Japanese tea is complimentary at the end of the meal. You get nice friandises with the coffee, which for a 5 euro surcharge you can also enjoy with the tea.

Melvin got an additional dessert with a candle for his birthday.

Except for being too late to take our wine order, the service was impeccable. The ladies wear traditional Japanese kimonos and speak good English. They explain all the food very well, including how to enjoy it best. The whole scenery of the restaurant is like being in Japan. The Dutch sommelier is very passionate about sake and it was interesting to chat with him about it. The sakes were very nice and paired well with the dishes. The food was excellent, all perfectly prepared and beautifully presented. Kaiseki is a very elegant cuisine that requires attention when tasting it. If you prefer bold flavors, you may find some of the dishes bland, which they certainly were not. This was like being in Japan away from Japan, and a wonderful experience.

15 thoughts on “Dining in Amsterdam: Yamazato*

  1. You’ve certainly made me want to try this place, the food and experience sounds absolutely wonderful. We adore Japanese cuisine but know little about it, just the flavours are one of my favourites! Years ago we dined at a high-end Japanese restaurant in Toronto and were surprised to learn that good quality Sake is never hot, they just heat mediocre sake to hide its imperfections! Happy birthday to Melvin.

    Liked by 1 person

    1. What an amazing meal! I love Amsterdam but haven’t enjoyed Japanese cuisine there (my sister-in-law is Japanese so I have high expectations lol). But I think I may pay a visit in my next trip to Europe coming up soon!

      Liked by 1 person

  2. Incredible. We’re going to be in Kyoto in a few weeks and I’m so excited for the cuisine! And sake! So many delicious varieties. I’d always preferred it warm, but now I also love the cold, cloudy variety.

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    1. Mimi – I have been in Kyoto dozens of times, tho’ not lately. One of my three favourite cities in the world! Don’t go overboard on the steaks – you can do as well and more cheaply in the US. Don’t worry about different sakes – you are not there long enough to become an expert! Have it old-fashioned and warm! Look up some old, old-fashioned restaurants outside the tourist belt . . . just a little English will do – do NOT go after the latest fashion stakes – you will lose the utter charm of the place! With the money ‘left over’ ask to go to one of the old crockery/cutlery sores – chopsticks, their rests, small bowls etc you may be able to fit in your suitcase, Go to Nara next door if you can . . . altogether GET AWAY from the tourists . . . Kyoto is heaven!!! Oops, is the Takashima Theare still in Nara part of the year? Have fun! :LEARN!!!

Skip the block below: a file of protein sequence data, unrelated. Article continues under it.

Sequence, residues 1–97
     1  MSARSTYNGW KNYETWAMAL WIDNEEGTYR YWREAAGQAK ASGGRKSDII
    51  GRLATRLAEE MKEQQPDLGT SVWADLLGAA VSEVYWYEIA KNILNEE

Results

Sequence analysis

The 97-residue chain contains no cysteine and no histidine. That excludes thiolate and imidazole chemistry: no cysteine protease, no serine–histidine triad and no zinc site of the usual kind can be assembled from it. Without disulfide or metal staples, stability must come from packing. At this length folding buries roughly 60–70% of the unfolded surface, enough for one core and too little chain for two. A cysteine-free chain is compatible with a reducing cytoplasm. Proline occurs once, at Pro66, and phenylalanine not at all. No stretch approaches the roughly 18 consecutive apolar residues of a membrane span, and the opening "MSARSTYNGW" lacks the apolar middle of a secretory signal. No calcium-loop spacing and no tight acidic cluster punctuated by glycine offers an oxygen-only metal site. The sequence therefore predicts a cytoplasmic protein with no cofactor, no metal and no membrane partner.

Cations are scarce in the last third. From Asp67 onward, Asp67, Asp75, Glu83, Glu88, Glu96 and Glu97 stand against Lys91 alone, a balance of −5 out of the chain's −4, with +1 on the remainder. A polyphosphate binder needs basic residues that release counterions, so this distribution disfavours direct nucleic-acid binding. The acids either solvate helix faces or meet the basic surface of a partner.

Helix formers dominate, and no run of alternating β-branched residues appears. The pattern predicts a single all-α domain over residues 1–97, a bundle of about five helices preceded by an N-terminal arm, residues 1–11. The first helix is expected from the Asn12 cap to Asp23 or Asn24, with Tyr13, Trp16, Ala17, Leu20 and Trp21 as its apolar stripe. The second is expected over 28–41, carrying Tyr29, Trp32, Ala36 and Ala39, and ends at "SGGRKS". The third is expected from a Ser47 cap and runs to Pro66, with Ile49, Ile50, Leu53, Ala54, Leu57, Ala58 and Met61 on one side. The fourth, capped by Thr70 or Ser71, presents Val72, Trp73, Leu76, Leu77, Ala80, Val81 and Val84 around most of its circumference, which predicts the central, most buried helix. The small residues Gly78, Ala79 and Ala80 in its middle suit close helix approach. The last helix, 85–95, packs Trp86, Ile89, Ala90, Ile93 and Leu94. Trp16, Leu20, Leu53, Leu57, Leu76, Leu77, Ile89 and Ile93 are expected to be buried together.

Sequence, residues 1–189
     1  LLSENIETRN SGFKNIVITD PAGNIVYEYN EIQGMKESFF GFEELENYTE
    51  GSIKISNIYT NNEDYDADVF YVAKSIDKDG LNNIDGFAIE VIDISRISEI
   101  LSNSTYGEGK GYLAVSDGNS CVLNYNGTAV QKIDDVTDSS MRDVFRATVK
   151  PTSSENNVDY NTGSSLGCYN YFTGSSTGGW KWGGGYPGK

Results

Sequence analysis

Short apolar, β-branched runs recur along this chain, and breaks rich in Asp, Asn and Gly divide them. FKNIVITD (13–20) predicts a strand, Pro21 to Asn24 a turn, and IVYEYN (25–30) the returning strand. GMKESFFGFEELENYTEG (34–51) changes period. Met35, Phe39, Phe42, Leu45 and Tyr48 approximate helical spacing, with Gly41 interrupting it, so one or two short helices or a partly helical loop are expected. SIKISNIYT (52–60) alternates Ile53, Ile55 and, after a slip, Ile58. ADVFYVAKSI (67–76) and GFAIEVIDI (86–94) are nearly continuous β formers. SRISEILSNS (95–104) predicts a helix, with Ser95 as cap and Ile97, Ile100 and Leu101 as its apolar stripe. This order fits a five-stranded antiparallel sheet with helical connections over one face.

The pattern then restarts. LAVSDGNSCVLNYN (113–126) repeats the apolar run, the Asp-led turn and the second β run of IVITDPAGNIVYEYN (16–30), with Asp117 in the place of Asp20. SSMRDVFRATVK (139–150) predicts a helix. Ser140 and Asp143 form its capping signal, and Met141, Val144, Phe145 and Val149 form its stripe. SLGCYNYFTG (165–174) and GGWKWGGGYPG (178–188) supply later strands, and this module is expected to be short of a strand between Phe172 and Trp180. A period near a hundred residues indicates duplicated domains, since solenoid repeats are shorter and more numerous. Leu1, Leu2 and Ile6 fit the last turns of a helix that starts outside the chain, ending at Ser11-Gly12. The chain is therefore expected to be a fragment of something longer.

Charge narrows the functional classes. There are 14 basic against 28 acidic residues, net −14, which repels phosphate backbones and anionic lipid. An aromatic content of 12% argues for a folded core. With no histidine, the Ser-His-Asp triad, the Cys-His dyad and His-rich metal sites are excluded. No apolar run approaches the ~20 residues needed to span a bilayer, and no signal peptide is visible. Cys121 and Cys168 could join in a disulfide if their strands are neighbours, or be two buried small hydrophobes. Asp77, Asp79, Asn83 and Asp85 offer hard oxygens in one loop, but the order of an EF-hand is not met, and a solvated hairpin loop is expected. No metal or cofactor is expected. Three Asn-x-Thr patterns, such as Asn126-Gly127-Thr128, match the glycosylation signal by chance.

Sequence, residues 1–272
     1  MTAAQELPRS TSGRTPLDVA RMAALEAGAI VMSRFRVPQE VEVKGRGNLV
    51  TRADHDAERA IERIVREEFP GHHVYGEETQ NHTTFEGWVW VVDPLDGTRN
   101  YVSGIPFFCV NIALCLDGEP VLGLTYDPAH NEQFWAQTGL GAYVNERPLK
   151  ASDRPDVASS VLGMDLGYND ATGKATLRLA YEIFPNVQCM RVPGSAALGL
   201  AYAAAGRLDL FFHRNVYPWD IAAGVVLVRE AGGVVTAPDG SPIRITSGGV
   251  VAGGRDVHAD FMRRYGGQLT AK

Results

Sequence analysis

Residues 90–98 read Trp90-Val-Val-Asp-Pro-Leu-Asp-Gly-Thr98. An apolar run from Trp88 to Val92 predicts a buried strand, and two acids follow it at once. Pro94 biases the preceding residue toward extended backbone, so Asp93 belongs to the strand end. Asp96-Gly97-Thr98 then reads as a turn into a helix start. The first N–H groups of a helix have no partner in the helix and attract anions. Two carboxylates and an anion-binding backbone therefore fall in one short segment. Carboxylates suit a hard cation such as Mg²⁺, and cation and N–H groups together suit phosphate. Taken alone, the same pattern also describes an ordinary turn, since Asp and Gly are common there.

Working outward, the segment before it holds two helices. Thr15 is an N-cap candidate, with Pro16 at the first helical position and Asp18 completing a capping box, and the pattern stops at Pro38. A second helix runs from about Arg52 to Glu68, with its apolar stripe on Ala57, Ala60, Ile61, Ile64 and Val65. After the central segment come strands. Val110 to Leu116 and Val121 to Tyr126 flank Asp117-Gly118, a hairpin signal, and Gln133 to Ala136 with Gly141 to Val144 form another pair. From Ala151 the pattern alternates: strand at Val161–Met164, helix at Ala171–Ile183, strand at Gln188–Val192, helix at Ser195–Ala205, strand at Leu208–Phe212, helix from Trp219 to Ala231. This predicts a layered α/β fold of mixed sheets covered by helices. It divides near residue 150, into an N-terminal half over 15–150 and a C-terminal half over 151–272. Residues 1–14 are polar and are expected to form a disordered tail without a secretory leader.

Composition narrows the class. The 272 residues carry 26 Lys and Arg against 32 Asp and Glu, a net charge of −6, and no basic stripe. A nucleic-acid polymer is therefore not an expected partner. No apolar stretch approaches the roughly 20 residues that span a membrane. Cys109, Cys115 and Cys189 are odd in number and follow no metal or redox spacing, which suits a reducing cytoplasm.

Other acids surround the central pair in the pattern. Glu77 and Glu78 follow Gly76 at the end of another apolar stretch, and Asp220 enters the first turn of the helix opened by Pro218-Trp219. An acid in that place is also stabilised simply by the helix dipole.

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    2. Back once more – you are aware I presume that the very best kitchen knives in the world come from here – cost a ferocious price but many of our chefs come to order and buy!!!


        1. *smile* Am supposedly ‘retired’ but busier than ever1 And – studied and became a doctor of medicine . . . married ‘into’ the plastics business and made PR++ my work . . . all my friends are still shaking heads ? !

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  3. *huge smile* For the first time in a decade of knowing you perchance I know more than you both as far as both food and drink are concerned! From my 20s to my 40s business took us to Japan yearly or more often and weeks at a time . . . Ha! I guess we bought enough machinery and materials to be feted at places most Westerners never saw! Worked out I have spent almost a year of my life in the Land of the Rising Sun! And when time could be taken from Tokyo and Osaka beautiful, beautiful Kyoto beckoned with restaurants sans pareil! Time has changed things and inevitably there is a European feeling about your meal. To be honest I dislike most of the crockery with mixed colours, un-Japanese shapes and patterns – too much of a purist! Wonder why Chinese chopsticks and not Japanese are used! Looked for the traditional sake bottles – how do you keep it at the needed 40-43 C temp? . . . only to realize it is now also drunk cold . . . !!! Love the stuff . . . well, must try one of our Chardonnays next time around – Vietnamese and Korean having largely replaced Japanese in my own menu! Altho’ some of your dishes looked a little ‘European’ to me . . . this was a fabulous trip down memory lane . . . thank you!!!

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  4. It’s good to see posts like this because this spot truly reflects the food in Japan. Something I typically cannot say when seeing other Japanese-style restaurants throughout Europe online. Now, I wonder what country has deviated the most? I’m sure the US must rank in the top 3 category for mayo and sauce slathered rolls from its Americanization makeover ?.